21 comments for “Secrets to Smoother SRSing, Part 2: Fun

  1. toadhjo
    August 31, 2008 at 12:27

    Maybe I’m being nitpicky here, but I’m proceed…

    In any case, I do believe that fun is very important, because when you’re having fun, you learn faster and can keep doing your activity longer, whatever it is.

    However, perhaps “fun” isn’t the best word?

    For example, I like reading the editorial sections of newspapers. I wouldn’t necessarily call it fun, but it’s definitely enjoyable. Much like doing SRS reps (in moderation).

    This is a really geeky comparison, but I’ve started to view my SRS much like battles in an RPG. Generally, it’s not the most enjoyable part, but I see it as a way to help myself “level up”. I’ve spent way to many hours wasting(?) time playing RPGs in my life, building up imaginary characters…but I enjoyed it for the most part. And now instead of wasting time doing that, I can actually spend time wisely helping myself, for real. It’s amazing how properly framing something in your mind can completely change your perspective on it.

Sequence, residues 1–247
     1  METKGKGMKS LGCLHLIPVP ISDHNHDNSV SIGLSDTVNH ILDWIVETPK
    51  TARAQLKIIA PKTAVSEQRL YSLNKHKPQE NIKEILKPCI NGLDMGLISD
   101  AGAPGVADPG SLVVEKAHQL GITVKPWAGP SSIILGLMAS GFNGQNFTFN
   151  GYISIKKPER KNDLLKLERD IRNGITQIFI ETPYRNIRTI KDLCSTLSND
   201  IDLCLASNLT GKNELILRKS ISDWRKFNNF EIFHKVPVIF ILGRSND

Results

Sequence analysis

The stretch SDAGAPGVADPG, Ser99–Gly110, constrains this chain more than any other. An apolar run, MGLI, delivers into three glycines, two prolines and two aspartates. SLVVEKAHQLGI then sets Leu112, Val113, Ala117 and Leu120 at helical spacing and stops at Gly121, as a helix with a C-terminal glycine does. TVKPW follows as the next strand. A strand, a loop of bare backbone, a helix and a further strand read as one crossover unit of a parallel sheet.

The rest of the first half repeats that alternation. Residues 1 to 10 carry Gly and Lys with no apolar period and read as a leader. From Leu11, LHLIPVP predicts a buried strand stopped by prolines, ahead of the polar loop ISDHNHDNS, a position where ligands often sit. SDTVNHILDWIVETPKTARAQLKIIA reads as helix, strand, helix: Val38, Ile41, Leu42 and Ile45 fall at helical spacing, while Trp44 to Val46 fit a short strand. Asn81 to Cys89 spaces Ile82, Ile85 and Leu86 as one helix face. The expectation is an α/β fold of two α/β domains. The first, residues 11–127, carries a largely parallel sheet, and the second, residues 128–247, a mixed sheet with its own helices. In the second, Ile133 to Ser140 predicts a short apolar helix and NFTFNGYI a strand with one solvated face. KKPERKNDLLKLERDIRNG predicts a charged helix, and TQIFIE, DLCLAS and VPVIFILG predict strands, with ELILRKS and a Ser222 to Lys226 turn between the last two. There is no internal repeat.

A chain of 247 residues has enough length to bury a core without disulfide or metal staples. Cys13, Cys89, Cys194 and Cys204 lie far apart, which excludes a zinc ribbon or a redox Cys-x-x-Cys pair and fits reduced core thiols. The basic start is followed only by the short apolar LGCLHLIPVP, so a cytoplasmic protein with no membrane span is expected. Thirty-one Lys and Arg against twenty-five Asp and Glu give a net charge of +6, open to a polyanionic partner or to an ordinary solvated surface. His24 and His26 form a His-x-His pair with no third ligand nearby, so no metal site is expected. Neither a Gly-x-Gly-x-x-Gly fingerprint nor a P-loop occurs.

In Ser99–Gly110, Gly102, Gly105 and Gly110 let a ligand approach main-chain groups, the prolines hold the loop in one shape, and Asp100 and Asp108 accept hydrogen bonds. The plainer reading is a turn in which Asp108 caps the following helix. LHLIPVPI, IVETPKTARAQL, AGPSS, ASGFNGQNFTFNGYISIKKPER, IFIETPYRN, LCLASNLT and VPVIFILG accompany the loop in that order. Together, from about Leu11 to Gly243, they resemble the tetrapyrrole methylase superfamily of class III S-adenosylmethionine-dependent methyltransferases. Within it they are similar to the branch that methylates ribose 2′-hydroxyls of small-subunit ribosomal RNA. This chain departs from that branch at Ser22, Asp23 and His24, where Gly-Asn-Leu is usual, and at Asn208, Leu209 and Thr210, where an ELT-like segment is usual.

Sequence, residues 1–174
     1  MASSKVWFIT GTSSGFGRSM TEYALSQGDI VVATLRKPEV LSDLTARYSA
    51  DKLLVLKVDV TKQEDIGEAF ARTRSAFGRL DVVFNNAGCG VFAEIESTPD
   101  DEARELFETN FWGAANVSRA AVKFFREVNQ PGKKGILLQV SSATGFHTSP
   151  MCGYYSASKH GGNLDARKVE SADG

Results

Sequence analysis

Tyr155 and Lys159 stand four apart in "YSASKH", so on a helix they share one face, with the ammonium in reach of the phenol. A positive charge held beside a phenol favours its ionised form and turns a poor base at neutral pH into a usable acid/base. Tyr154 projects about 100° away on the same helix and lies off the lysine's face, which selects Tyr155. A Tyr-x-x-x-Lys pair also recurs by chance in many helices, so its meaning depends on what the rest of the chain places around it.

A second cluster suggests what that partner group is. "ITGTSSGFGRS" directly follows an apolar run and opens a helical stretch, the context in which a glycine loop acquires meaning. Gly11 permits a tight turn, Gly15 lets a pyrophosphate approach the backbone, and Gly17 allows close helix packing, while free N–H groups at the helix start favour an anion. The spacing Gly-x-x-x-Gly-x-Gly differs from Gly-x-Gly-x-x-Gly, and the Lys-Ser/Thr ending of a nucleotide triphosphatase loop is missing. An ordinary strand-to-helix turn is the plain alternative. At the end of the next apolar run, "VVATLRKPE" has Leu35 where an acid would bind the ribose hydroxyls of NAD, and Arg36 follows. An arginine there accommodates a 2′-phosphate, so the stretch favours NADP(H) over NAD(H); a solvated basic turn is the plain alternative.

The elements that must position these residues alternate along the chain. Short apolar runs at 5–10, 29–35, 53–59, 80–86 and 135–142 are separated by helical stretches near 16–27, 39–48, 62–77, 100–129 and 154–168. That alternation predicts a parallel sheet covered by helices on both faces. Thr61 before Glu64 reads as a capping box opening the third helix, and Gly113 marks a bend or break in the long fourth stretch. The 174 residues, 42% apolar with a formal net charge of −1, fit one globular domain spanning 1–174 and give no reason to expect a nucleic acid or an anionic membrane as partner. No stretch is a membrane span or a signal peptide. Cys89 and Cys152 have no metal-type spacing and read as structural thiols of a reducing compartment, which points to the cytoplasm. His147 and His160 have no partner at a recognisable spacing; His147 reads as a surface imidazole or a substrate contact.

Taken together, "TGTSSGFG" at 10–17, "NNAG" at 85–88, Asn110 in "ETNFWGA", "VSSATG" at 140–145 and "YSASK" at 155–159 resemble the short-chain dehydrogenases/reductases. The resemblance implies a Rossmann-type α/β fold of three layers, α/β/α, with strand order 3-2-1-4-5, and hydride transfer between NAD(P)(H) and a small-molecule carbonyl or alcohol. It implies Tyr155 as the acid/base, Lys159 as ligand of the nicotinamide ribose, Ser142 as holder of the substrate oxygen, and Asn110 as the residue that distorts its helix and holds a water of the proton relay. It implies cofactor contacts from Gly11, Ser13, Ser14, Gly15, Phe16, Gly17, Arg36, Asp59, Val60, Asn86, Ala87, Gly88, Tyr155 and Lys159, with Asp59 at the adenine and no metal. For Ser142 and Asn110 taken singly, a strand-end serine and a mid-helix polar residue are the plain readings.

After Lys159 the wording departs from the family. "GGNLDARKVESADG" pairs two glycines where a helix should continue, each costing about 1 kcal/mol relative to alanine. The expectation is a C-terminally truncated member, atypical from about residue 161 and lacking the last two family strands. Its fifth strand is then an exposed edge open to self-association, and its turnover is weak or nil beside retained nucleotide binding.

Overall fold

Of course…I still find time to play some Dragon Quest and other things (in Japanese, of course) on the side.

    I think I got a little off topic, but hopefully people find this post…interesting? Maybe?

  2. Alyks
    August 31, 2008 at 13:58

    “This is part 1 of a multi-part series on smoother SRSing.”

    You sure about that?

  3. bubble
    August 31, 2008 at 14:41

    Thank you!

    I saw that thread you linked in the previous SRS post a while back and just went ‘Waitasec. Aren’t they missing the point?’ And that point (it’s got to be fun) is why even though I don’t do sentences at all anymore, I continue to recommend this site to people, but with heavy disclaimers about the emphasis on SRSs.

    I mean, I used an SRS (Anki) for a while. It helped. But after a while, I had a giant expired pile, and that, combined with the way I was doing it (mostly Japanese-to-English what with Remembering the Kanji and all) made me want to beat my head against a conveniently placed wall… or just give up on Japanese. Which was silly, given the amount of progress I had made. So I ditched the SRS (I’ll still use it for study for a test-heavy class) and spent that time instead on Japanese news, dramas, anime, and now comics and novels as well.

    So yeah, thank you. Because we all need a reminder to have enjoy the journey every now and again.

  4. vgambit
    August 31, 2008 at 15:05

    [i](mostly Japanese-to-English what with Remembering the Kanji and all)[/i]

    You’re supposed to only go English to Japanese when you’re using RTK.

  5. vgambit
    August 31, 2008 at 15:06

    Hm, I wanted italics, but I guess that code doesn’t work with this comment system.

  6. Ivan the Terrible
    August 31, 2008 at 17:22